An Arizona lawmaker wants to turn hospitals into immigration checkpoints -- but the law wouldn’t apply in the same way to Canadians or many Europeans.
As Republicans and Democrats come together in Washington to debate immigration reform, Rep. Steve Smith, a Republican from Maricopa County, has submitted a proposal to the state legislature that would require the uninsured to provide proof of citizenship at hospital visits.
The proposed law has drawn sharp criticism from Latino groups, who say the bill would make undocumented immigrants less likely to seek care.
“This bill would legalize harassment of immigrants and, in fact, of any woman who looks like she could be an immigrant,” Jessica González-Rojas, executive director of the National Latina Institute for Reproductive Health told The Los Angeles Times.
Smith says he filed the HB 2293 to find out how much the state pays to serve undocumented immigrants and denies that it amounts to crack down on illegal immigration.
“It’s a data collection bill, that’s what it is,” Smith said last week, according to an Arizona ABC News affiliate. “That’s it. We don’t deny anybody. They don’t come in and not get treated. Everything stays the same, we just want it documented.”
But some in the healthcare industry say the bill would disrupt their work.
"When does this begin or end?" Pete Wertheim, a spokesman for the Arizona Hospital and Healthcare Association said, according to the Arizona Daily Star. "What other industry should be screening their customers for citizenship verification?"
Wertheim added that if people with communicable diseases were dissuaded from visiting the hospital it could cause public health problems for the state, according to Mother Jones.
The bill specifically exempts Canadians, who would only have to prove their Canadian citizenship under the bill, rather than verify their immigration status in the United States. The same rule would apply to the citizens of countries that participate in the Visa Waiver Program.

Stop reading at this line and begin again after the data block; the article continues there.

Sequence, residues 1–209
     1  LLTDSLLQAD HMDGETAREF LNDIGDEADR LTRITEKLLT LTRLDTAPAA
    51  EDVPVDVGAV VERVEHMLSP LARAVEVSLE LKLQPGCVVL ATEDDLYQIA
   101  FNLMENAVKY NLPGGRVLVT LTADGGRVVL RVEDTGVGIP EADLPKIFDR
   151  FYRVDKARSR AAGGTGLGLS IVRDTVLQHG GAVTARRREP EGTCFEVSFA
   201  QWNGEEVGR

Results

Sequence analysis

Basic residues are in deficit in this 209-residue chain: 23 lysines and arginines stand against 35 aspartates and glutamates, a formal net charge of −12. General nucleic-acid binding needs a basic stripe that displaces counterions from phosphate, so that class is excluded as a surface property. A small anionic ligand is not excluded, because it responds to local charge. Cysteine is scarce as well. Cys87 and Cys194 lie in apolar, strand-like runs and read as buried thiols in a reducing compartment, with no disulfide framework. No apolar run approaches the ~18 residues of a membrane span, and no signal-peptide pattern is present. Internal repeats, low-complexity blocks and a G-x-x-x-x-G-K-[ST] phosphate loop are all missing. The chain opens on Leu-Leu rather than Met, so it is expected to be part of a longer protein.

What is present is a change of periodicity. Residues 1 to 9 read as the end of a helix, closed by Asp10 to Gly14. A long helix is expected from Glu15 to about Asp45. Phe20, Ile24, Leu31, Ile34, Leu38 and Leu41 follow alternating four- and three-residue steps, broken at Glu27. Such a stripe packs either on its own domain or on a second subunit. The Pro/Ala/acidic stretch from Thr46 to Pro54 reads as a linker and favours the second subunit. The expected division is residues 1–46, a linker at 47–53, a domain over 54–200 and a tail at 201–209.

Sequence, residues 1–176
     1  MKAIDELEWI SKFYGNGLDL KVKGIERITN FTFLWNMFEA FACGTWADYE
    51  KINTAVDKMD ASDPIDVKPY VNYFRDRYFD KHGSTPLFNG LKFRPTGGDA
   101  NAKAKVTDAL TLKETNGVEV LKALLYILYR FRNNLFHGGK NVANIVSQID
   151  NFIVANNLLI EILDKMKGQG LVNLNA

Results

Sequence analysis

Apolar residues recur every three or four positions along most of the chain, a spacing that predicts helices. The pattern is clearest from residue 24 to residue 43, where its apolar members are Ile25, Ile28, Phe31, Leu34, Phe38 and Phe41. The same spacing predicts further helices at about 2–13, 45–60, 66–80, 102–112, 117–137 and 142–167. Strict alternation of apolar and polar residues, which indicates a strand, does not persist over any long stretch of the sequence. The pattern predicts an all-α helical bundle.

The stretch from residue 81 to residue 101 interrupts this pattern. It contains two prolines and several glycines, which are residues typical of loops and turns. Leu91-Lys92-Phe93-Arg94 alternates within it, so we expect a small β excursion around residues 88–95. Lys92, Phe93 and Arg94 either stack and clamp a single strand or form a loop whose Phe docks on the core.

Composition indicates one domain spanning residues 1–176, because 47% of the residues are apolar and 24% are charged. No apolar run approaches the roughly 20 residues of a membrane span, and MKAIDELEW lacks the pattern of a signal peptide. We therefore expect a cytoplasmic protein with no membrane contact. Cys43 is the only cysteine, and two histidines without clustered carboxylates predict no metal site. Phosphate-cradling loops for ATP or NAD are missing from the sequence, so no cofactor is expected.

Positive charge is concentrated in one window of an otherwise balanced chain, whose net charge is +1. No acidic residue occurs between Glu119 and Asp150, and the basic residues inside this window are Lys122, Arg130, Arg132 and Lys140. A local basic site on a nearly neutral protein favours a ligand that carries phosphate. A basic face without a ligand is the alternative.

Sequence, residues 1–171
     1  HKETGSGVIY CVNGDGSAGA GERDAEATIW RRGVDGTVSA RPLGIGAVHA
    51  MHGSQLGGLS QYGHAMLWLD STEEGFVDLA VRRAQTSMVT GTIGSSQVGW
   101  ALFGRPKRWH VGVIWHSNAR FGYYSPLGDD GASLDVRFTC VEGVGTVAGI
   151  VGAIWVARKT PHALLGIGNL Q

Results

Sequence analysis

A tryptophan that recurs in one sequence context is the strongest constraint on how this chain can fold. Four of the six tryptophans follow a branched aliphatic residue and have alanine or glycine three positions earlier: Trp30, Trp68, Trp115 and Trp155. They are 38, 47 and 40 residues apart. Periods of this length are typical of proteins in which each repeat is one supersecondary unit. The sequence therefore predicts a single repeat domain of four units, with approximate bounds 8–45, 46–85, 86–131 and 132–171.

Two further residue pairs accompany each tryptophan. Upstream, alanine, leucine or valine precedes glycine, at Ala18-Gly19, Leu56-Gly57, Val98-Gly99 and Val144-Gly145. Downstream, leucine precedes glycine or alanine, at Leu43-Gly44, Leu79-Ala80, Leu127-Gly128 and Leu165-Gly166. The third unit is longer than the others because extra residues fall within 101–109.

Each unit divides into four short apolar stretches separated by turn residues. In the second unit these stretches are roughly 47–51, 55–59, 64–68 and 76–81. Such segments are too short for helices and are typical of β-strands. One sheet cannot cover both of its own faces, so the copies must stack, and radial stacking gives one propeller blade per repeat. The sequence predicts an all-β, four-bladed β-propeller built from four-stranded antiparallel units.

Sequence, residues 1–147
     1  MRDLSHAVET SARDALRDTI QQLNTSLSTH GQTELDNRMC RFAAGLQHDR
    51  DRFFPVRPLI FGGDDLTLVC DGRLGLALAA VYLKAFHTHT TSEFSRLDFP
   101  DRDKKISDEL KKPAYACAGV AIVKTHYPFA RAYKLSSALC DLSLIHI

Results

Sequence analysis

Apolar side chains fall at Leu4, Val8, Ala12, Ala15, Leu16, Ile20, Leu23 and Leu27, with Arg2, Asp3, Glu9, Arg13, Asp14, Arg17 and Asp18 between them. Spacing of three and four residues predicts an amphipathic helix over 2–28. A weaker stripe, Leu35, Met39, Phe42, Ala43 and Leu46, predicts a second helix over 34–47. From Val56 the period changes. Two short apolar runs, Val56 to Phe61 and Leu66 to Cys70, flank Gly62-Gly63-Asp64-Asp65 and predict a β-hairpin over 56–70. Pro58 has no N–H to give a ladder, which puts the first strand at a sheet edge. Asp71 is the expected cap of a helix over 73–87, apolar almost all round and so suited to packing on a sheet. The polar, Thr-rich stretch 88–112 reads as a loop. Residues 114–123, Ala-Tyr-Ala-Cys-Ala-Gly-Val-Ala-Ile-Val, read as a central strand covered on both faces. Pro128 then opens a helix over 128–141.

The Visa Waiver Program allows nationals of 37 countries -- 29 of which are European and none of which are Latin American -- to travel to the United States for up 90 days without a visa. It does not establish legal immigration status.
When asked why the bill treats people from different countries differently, Rep. Smith told The Huffington Post that the bill was not intended to "discriminate between Canadians and non-Canadians," but rather responded to difficulties hospitals in his district have getting basic information from immigrants.
"The taxpayers have a right to know where their money's going," Smith said.
"There's a lot of good relationships we have with Canada, legally, there's a lot of reciprocity," Rep. Carl Seel, one of the bill's sponsors, told CBS 5. ''If you have Canadian papers, you're deemed legal in the United States."
Seel’s statement, as quoted, isn't true. Canadians can immigrate illegally to the United States. About 4 percent of undocumented immigrants come from Canada and Europe, according to a 2010 estimate by the Pew Hispanic Center, while some 81 percent come from the countries of Latin America.
The bill doesn’t mention specific penalties, but requires hospitals to report those who cannot provide proof of citizenship to Immigration and Customs Enforcement or local police.
Arizona pioneered efforts to use state resources to crack down on illegal immigration in 2010, with the passing of SB 1070, a law that required police officers to check the immigration status of those they stop. The Supreme Court struck down some elements of the law.
This post was updated on Monday, Jan. 28, 2013 at 6:40 p.m. with a comment from Rep. Steve Smith.